Regional Reviews: Phoenix
Ruhl's play follows the basic story of the Greek myth. Eurydice dies on her wedding day and her husband Orpheus goes to the Underworld to bring her back. The Lord of the Underworld agrees to let Eurydice return with Orpheus but on one condition: Orpheus must walk in front of Eurydice and never look back at her until they are both safely out of the Underworld. If he does, she will die all over again.
Ruhl updates the setting to an abstract version of modern times and adds the character of Eurydice's father, who has already passed away and is waiting in the Underworld to meet up again with his daughter. This adds an entirely new and worthwhile dimension to the famous tale. Ruhl's dialogue is dreamy, funny and hypnotic, and the moments she creates with Eurydice and her father as well as those with Eurydice and her husband are both moving and melancholy.
MCC's production is fortunate to have a talented cast of actors who throw themselves into their roles with sheer glee and a high level of dedication. Lillian Gastelum embodies Eurydice with the sweetness and spunkiness of youth, while Brandon Caraco brings a bold stroke of intensity to Orpheus in his desire to find his bride no matter the cost. With layers of subtlety and nuance and an abundance of sadness, Seamus McSherry is superb as Eurydice's father, while Jared Kitch hams it up as the Lord of the Underworld, turning this ruling, manipulating man into a sadistic and petulant man child. Alexis Trujillo, Annalynn Watson and Nathaniel Smith do well in portraying a trio of stones in the Underworld who serve as a Greek Chorus of sorts.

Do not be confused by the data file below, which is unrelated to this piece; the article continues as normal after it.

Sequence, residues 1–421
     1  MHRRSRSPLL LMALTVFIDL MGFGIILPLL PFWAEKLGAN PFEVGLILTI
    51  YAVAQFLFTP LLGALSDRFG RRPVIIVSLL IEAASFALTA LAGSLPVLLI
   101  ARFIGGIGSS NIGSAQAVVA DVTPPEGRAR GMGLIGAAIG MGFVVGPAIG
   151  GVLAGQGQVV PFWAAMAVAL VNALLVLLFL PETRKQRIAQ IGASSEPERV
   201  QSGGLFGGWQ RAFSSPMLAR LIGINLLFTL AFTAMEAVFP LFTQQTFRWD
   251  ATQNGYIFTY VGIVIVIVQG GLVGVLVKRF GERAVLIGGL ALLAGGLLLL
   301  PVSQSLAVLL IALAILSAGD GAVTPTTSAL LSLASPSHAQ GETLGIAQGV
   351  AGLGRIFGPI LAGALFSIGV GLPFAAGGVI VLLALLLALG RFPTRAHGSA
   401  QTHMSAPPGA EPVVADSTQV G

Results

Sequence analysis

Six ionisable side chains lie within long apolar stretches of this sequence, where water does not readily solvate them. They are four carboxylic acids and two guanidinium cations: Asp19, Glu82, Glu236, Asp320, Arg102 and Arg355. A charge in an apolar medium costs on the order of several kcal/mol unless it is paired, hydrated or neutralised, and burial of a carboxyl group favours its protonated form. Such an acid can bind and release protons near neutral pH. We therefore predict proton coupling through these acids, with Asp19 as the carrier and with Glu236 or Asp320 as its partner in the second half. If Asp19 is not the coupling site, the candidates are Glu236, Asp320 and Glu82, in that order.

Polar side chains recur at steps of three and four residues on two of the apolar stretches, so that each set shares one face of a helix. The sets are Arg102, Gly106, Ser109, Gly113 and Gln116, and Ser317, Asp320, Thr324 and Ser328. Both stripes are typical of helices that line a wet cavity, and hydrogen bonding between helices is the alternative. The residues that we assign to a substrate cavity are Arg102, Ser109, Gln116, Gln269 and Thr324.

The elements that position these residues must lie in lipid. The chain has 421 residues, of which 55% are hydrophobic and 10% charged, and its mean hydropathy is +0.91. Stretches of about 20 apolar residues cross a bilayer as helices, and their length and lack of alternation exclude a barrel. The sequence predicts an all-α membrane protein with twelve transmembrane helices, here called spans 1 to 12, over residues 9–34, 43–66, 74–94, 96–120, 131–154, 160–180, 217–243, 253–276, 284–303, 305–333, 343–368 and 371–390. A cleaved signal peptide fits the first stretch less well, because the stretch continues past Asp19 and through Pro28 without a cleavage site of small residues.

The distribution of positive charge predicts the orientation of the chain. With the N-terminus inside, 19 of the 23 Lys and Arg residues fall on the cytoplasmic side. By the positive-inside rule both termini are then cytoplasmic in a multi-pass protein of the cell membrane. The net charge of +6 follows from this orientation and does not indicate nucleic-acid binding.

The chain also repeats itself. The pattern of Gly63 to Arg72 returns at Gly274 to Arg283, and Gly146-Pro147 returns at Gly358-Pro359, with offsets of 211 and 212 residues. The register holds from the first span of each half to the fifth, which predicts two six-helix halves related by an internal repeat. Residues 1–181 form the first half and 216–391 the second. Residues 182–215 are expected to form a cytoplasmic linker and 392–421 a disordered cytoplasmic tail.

The creative elements for this production are full of mystery and magic, with the combination of Louis Ponesse Jr. and Aaron Roberts' inventive set design with Ambar Dominguez and Tyree Noe's haunting lighting and Steven May's evocative sound design evoking a beautiful, sad and mystical world. Omar Aguilar's costumes are infused with creativity and Tu Nguyen's make-up is excellent, specifically in the addition of barnacles to those who have been in the Underworld just like those on creatures and objects who have been in the sea for an extended period of time.
Unfortunately, director David Barker makes several odd choices that detract from the beauty and unconventional approach that Ruhl took for this classic story. First, the addition of an intermission in the original 90-minute one-act show pulls the audience out of the intensity of the piece. Second, Barker adds extra layers and elements to the piece (such as the addition of strange bits of clowning and mime, and turning the Underworld Lord into a campy character when he should be imposing and dangerous) that muddy the story. And third, there are many moments of unclarity, specifically the death of Eurydice and the ending, that are so unfocused that if you didn't know the story already you would have no idea what was going on. Also, while I like the creative elements, the absence of any water on the stage, when water is a major element to the story, seems like a missed opportunity.
Sarah Ruhl's Eurydice is a mesmerizing play that effectively uses poetic language and the addition of a father figure to update this classic story. While MCC's cast and creative elements are good, the overall production adds too many unnecessary pieces and omits some key elements, preventing the play from truly coming to life.
The Mesa Community College production of Eurydice runs through December 9th, 2017, with performances at the MCC Southern & Dobson Campus at 1833 W. Southern Avenue in Mesa AZ. Information for upcoming productions can be found at www.mesacc.edu
Directed by David Barker